We restricted our study to the water-soluble fraction of root exudates as defined in Bais et al.45 and Baetz & Martinoa46. These exudates cover plant secondary metabolites affecting soil microorganisms. Although unidentified peaks observed during HPLC analyses indicate that other compounds, such as phenolic acids, were present in the root exudate solution and could also contribute to the mediation of plant diversity effects on soil microorganisms, the characterization of the root exudates remains a challenge. Novel analytical platforms likely will offer unprecedented opportunities to unravel the complex composition of root exudates in future studies40.

The root exudates analyzed in the present study were indubitably identified by the use of pure external standards purchased from Sigma-Aldrich (St Louis, MI, USA). 4-hydroxybenzoic acid, p-coumaric acid, and vanillic acids belong to the class of phenolic compounds. This class of plant secondary metabolites derives from the shikimate pathway and phenylpropanoid metabolism and has been extensively studied as plant allelochemicals. They are commonly found in natural soils47,48, and there are known as plant root exudates playing a role in root inhibition49, plant defense50,51, and in the attraction of some soil-borne microorganisms52. Fumaric acid is an organic acid that is a key intermediate in the tricarboxylic acid cycle and plays a role in many other plant metabolic processes. Organic acids are commonly detected in the rhizosphere. Their presence in root exudation have been associated with nutrient deficiencies, exposure to toxic cations and anoxia53, and contribute to the stimulation of microbial activity54. Previous studies using sterile hydroponic plants have shown that the described molecules (belonging to organic and phenolic acids) are part of plant root exudation; however, often to a lower extent compared to real soil-root systems. The study of root exudates as signalling molecules of belowground plant interactions necessarily implies to work with microorganisms at the root-soil interface, which may degrade these compounds sooner or later.

Plants shoot material was cut at the soil surface, dried (70 °C, 72 h), and weighed. For soil microbial analyses, three soil cores (1 cm diameter, 10 cm deep) were taken per microcosm, pooled, and frozen at −20 °C until analysis. For molecular species-specific root quantification, one subsample was taken in the centre of the microcosm to include roots of all plant species (0–10 cm: 1 cm diameter, 10–20 cm: 2.5 cm diameter). Roots were washed (1 mm-sieve), thoroughly mixed, and 100 mg of fresh root material was stored at −80 °C until DNA extraction. The remaining soil in the microcosm was washed, and roots were dried and weighed like described above.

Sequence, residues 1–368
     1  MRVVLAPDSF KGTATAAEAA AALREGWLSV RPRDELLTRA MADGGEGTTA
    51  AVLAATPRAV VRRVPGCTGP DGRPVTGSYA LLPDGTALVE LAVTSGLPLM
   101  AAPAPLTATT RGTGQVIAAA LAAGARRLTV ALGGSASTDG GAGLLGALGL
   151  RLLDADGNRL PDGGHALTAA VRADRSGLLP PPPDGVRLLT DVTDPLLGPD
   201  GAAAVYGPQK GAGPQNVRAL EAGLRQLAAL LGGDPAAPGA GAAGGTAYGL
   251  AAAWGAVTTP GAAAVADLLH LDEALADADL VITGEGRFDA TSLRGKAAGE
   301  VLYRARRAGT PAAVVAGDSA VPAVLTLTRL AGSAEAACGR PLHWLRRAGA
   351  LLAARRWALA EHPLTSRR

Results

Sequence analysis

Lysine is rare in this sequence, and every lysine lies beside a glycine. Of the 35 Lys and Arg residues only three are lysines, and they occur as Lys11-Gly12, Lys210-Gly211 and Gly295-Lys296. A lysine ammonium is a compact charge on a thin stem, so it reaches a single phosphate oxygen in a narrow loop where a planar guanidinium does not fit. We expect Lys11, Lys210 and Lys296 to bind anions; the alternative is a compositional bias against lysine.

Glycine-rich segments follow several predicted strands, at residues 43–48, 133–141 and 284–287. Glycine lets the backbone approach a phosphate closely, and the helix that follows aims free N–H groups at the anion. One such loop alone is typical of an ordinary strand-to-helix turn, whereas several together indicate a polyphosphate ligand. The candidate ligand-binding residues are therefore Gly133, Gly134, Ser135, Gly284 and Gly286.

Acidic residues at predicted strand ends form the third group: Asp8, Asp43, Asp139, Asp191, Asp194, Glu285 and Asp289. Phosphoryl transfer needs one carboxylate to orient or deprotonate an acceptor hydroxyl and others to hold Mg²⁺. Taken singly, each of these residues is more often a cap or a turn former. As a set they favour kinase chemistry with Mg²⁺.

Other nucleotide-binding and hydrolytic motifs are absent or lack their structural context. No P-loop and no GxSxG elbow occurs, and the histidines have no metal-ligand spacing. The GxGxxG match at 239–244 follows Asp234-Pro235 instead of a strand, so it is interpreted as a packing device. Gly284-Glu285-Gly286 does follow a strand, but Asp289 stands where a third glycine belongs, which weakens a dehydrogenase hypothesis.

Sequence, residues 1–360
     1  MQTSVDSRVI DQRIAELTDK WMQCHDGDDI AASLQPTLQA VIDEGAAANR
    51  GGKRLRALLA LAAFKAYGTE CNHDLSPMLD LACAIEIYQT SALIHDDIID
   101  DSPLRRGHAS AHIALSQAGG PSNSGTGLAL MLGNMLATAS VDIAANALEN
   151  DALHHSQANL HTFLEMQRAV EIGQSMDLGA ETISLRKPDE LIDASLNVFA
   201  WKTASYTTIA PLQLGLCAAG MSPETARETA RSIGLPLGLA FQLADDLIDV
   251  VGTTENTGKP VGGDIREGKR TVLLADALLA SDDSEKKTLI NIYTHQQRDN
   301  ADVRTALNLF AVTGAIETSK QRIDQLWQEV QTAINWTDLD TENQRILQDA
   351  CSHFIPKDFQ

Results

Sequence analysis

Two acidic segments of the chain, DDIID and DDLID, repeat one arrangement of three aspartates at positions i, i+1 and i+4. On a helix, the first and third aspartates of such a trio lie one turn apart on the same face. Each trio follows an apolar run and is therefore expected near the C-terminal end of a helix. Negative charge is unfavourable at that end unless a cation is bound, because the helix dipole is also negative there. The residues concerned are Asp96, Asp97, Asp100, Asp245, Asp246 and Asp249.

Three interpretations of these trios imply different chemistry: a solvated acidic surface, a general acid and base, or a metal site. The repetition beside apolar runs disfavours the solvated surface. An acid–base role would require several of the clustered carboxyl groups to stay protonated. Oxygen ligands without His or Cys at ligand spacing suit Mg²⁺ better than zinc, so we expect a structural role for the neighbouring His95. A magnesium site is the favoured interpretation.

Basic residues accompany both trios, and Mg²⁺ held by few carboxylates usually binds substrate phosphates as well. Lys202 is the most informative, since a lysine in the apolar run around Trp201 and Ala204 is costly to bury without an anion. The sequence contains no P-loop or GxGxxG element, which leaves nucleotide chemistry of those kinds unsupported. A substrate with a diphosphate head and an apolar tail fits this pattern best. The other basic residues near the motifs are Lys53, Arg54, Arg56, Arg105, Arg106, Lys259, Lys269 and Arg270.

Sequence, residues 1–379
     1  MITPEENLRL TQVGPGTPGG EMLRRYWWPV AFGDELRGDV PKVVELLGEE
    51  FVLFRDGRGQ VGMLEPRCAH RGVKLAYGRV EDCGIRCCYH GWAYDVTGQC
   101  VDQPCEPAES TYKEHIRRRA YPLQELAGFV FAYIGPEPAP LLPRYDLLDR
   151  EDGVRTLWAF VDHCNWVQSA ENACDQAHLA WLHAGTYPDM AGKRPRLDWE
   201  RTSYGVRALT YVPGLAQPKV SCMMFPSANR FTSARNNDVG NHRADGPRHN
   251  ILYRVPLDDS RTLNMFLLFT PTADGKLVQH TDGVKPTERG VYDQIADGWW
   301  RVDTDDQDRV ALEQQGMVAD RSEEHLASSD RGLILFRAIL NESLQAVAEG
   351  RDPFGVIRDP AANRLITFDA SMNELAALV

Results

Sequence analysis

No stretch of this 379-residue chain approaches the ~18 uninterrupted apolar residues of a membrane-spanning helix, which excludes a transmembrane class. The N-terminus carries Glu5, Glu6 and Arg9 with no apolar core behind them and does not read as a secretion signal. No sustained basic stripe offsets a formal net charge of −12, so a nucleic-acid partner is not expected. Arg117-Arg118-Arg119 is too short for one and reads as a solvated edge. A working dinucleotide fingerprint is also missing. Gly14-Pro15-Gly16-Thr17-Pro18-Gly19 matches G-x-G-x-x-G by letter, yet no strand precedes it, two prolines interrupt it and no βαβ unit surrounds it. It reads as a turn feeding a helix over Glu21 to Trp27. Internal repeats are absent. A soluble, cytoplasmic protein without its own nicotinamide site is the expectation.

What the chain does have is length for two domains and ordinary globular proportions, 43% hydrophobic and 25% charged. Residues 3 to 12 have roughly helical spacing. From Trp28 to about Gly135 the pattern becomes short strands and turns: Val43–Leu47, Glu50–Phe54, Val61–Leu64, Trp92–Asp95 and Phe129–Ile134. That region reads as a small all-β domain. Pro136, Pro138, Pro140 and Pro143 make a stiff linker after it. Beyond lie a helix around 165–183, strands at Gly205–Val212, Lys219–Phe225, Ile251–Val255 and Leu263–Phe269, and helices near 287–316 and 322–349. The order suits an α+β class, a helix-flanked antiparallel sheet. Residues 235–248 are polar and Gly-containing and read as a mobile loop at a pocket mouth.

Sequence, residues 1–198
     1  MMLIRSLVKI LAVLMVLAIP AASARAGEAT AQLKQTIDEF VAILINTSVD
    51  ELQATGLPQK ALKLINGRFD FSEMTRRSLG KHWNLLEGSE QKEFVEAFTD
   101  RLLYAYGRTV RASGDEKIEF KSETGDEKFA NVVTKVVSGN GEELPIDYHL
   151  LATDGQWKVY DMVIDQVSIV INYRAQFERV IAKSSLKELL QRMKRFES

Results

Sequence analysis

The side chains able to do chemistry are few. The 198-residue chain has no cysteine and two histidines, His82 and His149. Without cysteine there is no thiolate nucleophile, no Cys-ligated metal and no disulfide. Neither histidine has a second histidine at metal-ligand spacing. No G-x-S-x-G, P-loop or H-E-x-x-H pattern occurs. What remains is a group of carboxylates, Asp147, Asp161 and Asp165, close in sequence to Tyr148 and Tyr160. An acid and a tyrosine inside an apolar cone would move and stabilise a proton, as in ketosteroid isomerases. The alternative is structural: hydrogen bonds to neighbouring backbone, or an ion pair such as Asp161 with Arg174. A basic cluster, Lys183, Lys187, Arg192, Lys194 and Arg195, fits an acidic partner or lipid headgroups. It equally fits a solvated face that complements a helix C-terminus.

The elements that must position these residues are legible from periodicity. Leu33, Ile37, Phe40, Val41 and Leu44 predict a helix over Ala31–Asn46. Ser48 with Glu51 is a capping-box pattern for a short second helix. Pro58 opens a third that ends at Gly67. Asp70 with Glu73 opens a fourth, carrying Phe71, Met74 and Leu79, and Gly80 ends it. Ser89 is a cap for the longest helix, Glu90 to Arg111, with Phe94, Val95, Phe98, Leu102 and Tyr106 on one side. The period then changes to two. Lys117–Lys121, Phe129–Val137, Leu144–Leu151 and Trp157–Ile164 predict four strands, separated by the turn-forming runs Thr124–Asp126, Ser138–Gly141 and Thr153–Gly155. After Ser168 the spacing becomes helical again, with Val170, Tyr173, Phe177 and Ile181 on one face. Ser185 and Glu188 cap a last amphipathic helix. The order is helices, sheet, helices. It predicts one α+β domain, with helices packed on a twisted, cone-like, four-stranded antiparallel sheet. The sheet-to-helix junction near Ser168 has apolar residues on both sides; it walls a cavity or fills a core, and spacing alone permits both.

For preparation of reference standards for quantitative analysis of species-specific root biomass with real-time PCR, hand-made mixed ratios of all 6 species (1:1:1:1:1:1) were prepared from roots originating from the respective monocultures. The DNeasy Plant Mini Kit (Qiagen, Venlo, Netherlands) was used for DNA isolation. For qPCR, species-specific primers of A. odoratum and F. rubra were used as published in refs 12, 55; primers for P. lanceolata, R. acetosa, P. pratense, and C. jacea were developed similar to the protocol described in ref. 55. The qPCR plates (96 wells system) were run per species in triplicates, including 4 reference standards. We used the following protocol for the qPCR with HOT FIREPol EvaGreen (Solis BioDyne) with an addition of 0.94 μM MgCl2, 1 ng of genomic DNA for all species except for Plantago for which 7.5 ng of genomic DNA was used, a primer concentration of 120 nM for Festuca, Plantago, Rumex, and Phleum and 60 nM for Anthoxanthum and Centaurea and in a total volume of 20 μl. qPCR reactions were performed on a CFX96 Real-Time system (Biorad). The qPCR reaction conditions were as follows: 15 min at 92 °C, followed by 45 cycles of 20 s at 95 °C, 30 s at 62 °C, and 15 s at 72 °C and finally 42 cycles of 5 s at 75 °C with an increase of 0.5 °C per cycle (melting curve). For the calculation of relative species abundances see Mommer et al.55. Root DNA analyses could only be performed for 27 plant species mixtures (17 3-species mixtures and 10 6-species treatments) due to logistic constraints as a consequence of the plethora of different laborious analyses.

To determine soil microbial community composition and biomass at the end of the experiment, phospholipid fatty acid (PLFA) analysis was used. PLFA extraction was done following the method of ref. 56, based on the method of ref. 57, and PLFAs were assigned to Gram-positive bacteria, Gram-negative bacteria, fungi, and unidentified microorganisms.